Abraham Lincoln has been an inspiration since his untimely death in 1865, with politicians invoking him and his deeds for comparison, and artists using him as a source of inspiration as well.
Self-taught anthropologist Patrick Cariou has captured surfers, Rastafarians, and inhabitants of the Trenchtown area of Kingston, Jamaica. The French photographer brings a new perspective of the Rom people in Gypsies, a series of stunning portraits and landscapes that captures the misunderstood ethnicity’s broad, multifaceted culture.
While photographer Mick Rock has come to be known as “the man who shot the ’70s,” his body of work is much more than a collection of Nixon-era snapshots of a bygone music scene. After capturing early pop-culture gods like Andy Warhol, Lou Reed, Syd Barrett, and Queen, the aptly-named Rock went on to take pictures of the Yeah Yeah Yeahs, the Killers, and Lady Gaga.
Whether they’re showing off their skateboards, sneakers, guns, dirt bikes, or big hair, these kids all know what it’s like to be raised in a community that’s neither rural nor urban, but a world unto itself.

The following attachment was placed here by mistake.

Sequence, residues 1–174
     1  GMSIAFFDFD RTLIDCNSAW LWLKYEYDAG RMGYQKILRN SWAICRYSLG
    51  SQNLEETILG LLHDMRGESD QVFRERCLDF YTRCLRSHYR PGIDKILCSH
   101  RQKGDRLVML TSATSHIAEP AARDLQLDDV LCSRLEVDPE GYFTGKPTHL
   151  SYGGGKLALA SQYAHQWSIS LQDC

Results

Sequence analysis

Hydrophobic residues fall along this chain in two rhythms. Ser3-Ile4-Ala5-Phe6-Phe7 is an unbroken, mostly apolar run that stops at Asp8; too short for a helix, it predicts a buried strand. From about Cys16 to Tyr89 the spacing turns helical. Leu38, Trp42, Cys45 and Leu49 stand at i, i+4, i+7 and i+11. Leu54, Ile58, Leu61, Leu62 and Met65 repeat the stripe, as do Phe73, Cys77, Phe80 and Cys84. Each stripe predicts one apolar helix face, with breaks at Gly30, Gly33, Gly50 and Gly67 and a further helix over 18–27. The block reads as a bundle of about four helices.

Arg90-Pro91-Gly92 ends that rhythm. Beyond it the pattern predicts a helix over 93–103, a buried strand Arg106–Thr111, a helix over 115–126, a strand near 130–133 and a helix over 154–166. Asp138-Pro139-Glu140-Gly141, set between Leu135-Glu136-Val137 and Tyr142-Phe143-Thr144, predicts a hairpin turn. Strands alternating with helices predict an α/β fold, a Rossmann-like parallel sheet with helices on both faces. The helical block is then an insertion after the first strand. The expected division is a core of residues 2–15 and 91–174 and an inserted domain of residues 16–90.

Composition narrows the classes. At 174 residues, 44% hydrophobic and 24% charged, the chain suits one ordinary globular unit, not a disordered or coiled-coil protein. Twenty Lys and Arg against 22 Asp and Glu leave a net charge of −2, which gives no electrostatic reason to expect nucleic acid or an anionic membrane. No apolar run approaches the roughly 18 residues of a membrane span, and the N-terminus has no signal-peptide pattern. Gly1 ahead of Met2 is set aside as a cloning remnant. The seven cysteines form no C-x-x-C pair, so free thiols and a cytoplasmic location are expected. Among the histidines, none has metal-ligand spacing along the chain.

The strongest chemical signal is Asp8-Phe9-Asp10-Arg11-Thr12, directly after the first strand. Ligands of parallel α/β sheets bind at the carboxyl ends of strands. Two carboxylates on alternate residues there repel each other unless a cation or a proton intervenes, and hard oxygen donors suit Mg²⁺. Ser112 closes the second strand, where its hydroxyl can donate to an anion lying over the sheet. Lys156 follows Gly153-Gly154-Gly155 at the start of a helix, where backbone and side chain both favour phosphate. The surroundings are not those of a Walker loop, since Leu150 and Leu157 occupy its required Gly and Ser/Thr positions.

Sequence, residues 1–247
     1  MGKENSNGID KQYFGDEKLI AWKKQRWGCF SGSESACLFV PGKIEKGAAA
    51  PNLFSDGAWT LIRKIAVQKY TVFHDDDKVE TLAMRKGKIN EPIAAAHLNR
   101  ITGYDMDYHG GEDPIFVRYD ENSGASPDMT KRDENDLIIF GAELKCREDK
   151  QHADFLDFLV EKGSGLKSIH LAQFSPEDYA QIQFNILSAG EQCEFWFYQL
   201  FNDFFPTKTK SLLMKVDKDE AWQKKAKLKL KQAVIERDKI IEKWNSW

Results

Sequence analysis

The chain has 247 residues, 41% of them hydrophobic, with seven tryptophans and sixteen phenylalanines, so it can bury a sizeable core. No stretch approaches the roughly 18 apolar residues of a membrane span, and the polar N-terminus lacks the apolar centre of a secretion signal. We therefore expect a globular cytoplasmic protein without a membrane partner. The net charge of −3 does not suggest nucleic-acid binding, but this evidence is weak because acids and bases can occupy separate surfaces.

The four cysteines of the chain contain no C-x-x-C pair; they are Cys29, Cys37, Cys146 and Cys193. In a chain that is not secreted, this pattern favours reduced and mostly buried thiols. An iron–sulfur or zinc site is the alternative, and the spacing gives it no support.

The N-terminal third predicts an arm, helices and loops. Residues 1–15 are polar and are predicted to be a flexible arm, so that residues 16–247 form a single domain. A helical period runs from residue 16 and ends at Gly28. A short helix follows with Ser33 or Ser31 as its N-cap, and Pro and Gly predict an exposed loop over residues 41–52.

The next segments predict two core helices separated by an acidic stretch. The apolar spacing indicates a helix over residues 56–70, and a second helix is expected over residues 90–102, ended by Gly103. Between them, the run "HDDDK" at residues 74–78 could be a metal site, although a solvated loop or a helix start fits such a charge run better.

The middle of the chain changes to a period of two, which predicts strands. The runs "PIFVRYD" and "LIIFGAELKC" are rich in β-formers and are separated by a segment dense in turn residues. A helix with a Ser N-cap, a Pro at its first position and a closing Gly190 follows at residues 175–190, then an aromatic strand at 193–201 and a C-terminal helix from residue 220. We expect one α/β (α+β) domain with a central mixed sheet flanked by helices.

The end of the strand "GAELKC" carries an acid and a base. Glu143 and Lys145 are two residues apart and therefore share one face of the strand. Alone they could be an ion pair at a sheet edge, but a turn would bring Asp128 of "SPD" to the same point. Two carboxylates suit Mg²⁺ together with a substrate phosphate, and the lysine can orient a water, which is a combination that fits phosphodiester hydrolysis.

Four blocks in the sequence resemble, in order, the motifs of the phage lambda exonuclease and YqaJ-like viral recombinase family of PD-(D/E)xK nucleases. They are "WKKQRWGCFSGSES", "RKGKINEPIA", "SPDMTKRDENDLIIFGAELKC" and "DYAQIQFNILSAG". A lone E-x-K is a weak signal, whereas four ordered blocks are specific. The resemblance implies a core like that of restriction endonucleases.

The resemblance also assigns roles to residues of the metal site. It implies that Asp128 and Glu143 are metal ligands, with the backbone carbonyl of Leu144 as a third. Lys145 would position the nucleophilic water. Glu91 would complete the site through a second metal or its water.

Journalist Félix Fénéon anonymously wrote more than a thousand brief reports for Parisian paper Le Matin, a selection of which have been translated by Luc Sante and republished in Illustrated Three-Line Novels: Félix Fénéon, with brand-new, colorful illustrations.
In The Empire of Death: A Cultural History of Ossuaries and Charnel Houses, Dr. Paul Koudounaris gives us an intimate understanding of the sites where bones of dead people are placed together en masse. What may seem like a gory theme for a book and photo series is actually a beautiful treatment of the culturally touchy subject of death.
Considering he was elected Class Clown in high school, it should come as no surprise that Dave Barry has since been having a long and storied career as one of America’s top humor columnists. Now, the professional funnyman has teamed up with original SNL writer Alan Zweibel for a collaborative comic novel about two suburban dads who manage to make sense of the world through humor.